Former Alabama QB Miller remembered on Veterans Day
With all the renewed Heisman chatter surrounding AJ McCarron after the senior led unbeaten Alabama to another victory over LSU, it is good to remember that the Crimson Tide have had plenty of great quarterbacks over the years.
Joe Namath and Kenny Stabler are probably the most famous, but the Crimson Tide also produced Pat Trammell, Steve Sloan and Richard Todd, all outstanding leaders who didn’t win the Heisman. Whether he wins college football’s most celebrated individual trophy or not, McCarron certainly fits into that fraternity.
But there is one Alabama quarterback who should be remembered above all the rest, not because of his play on the field — even though he led the Tide to an undefeated season and a national championship — but for what he did after leaving Tuscloosa.
Hugh Barr Miller, Jr. quarterbacked the Tide in 1930, the 37th season of Alabama football and the team’s ninth as part of the Southern Conference. Coached by Wallace Wade, Miller’s job was to take the snap from center and hand the ball to legendary fullback Johnny Cain. Cain would later be named to the Alabama All-Century Team and the College Football Hall of Fame. Miller received no such distinctions.
He didn’t need them, though. That team was so good that Coach Wade often started the second string and would only bring the starters onto the field if things remained uncomfortably close in the second quarter. They beat Ole Miss 64-0, LSU 33-0, Florida 20-0 and Georgia 13-0. The closest game was a 12-7 win over Vanderbilt at Legion Field in Birmingham.
After going undefeated and outscoring opponents 268-13, Miller and the Tide beat Washington State 24-0 in the Rose Bowl to capture the national championship.
Thirteen years later, Hugh Barr Miller thought of those days often as he lay shoeless in the jungle, wondering how many more minutes he would live.
Miller signed up for the Navy immediately after Pearl Harbor and was a lieutenant in the Pacific on the USS Strong, a Fletcher-class destroyer engaged in the Solomon Island campaign. On July 4, 1943, the Japanese destroyer Niizuki fired a torpedo salvo that struck the Strong on the port side, sinking her in 15 minutes.
“There were 23 of us in the water that night, clustered in two life nets and some pieces of raft,” Miller would later write. “Eleven days later there were four of us left on Arundel Island, far behind Japanese lines.”
Wounded and suffering from internal hemorrhaging, Miller assumed he would be dead within a day, so he ordered his men to take all the rations and make their way south to a coconut plantation where they might get help. He even gave one of his men the boots off his feet.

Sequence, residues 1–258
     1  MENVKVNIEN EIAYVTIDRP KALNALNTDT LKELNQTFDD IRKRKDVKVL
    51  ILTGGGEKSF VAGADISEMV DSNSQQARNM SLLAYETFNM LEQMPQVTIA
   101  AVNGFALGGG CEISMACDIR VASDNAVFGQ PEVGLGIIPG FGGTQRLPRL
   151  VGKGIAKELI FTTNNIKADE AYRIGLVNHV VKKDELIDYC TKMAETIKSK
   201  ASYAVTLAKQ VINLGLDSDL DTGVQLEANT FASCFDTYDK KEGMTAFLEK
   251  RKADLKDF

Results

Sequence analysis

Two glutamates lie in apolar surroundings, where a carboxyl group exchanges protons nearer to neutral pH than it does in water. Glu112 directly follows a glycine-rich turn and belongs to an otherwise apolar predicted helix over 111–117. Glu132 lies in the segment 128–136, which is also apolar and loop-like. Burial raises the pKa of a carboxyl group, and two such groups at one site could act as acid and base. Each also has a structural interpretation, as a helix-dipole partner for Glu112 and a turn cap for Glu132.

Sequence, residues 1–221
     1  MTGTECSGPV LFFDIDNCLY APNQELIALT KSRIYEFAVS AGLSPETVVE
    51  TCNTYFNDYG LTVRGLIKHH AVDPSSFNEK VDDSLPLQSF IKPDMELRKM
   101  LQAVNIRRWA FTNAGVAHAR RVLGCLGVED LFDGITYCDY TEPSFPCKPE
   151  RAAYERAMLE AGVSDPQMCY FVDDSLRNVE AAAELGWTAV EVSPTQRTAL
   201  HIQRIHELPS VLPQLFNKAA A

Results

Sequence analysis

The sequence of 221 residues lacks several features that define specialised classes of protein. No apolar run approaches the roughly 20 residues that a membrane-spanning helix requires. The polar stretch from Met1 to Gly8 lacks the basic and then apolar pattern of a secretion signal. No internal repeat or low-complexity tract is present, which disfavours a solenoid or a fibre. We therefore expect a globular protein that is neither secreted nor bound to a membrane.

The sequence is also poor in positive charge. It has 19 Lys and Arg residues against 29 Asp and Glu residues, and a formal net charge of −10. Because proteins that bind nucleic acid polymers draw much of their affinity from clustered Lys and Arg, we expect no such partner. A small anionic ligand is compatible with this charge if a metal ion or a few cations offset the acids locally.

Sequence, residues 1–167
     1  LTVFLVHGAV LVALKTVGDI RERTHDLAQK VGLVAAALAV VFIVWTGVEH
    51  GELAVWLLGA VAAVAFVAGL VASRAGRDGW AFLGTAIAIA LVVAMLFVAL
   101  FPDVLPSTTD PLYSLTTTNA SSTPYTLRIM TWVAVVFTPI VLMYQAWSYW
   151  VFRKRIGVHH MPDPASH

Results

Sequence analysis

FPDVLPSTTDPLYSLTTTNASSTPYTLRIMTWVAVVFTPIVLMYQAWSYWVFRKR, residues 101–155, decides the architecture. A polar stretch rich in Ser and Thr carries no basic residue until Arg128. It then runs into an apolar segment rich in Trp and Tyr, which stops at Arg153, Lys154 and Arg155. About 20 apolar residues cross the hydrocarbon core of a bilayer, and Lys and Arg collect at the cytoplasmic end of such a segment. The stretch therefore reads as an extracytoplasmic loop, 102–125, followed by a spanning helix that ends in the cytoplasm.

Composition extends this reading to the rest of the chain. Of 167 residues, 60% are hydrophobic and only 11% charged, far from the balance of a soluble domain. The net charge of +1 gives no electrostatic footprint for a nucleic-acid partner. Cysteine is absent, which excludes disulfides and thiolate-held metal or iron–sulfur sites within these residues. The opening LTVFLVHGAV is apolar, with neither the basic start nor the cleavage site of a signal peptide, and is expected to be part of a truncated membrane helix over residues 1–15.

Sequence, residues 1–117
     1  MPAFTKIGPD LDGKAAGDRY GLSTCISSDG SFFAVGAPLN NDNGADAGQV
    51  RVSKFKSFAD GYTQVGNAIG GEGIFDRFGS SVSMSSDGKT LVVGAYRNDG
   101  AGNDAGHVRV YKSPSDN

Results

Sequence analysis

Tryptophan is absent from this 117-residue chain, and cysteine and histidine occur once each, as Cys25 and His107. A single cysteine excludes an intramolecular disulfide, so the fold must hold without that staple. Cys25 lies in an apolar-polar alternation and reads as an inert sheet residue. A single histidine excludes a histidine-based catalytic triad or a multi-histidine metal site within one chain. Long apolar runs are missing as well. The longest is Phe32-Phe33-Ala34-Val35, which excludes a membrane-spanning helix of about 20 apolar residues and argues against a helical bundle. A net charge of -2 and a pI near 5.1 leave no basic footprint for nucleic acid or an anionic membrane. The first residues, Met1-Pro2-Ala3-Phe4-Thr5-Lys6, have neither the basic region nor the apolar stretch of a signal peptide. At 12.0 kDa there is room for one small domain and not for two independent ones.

But one day led to another and Miller did not die.
“I got to thinking about myself then and got to realizing that I wasn’t showing up as the kind of guy I thought I was, just lying around waiting to die without a fight,” Miller wrote. “So I had a little conversation with the Lord lying there on the edge of the jungle that evening, and I told Him that if He’d give me water, I’d get up out of there and do something about this situation.”
That night it poured for four hours, and Miller filled and drank water from his cracker tin several times. The following two days he hobbled and often crawled down the beach and through the jungle, avoiding Japanese patrols, drinking the water he could find and eating coconut meat along the way. As he grew stronger and continued to evade contact, he watched with glee as an American PT boat assaulted Japanese barges. Miller was able to take shoes from a dead Japanese soldier, along with tins of meat, packs of iodine, a knife and several hand grenades.
Soon, the sailor and former quarterback who thought he would dead before sunrise became a one-man hunter, killing five Japanese patrolmen with one grenade and stripping them of their weapons and supplies. In 43 days, from the sinking of his ship on July 4 until rescue by Marine Sea Plane on August 16, Miller killed 15 enemy combatants. He was heralded as a hero and a “miracle” by the officers who found him.
“When we got back to Munda, it was time for lunch,” he wrote. “That was the first meal I’d had since our ship went down. … I had lost 40 pounds during the 43 days I was missing, but I started then and there to get it back.”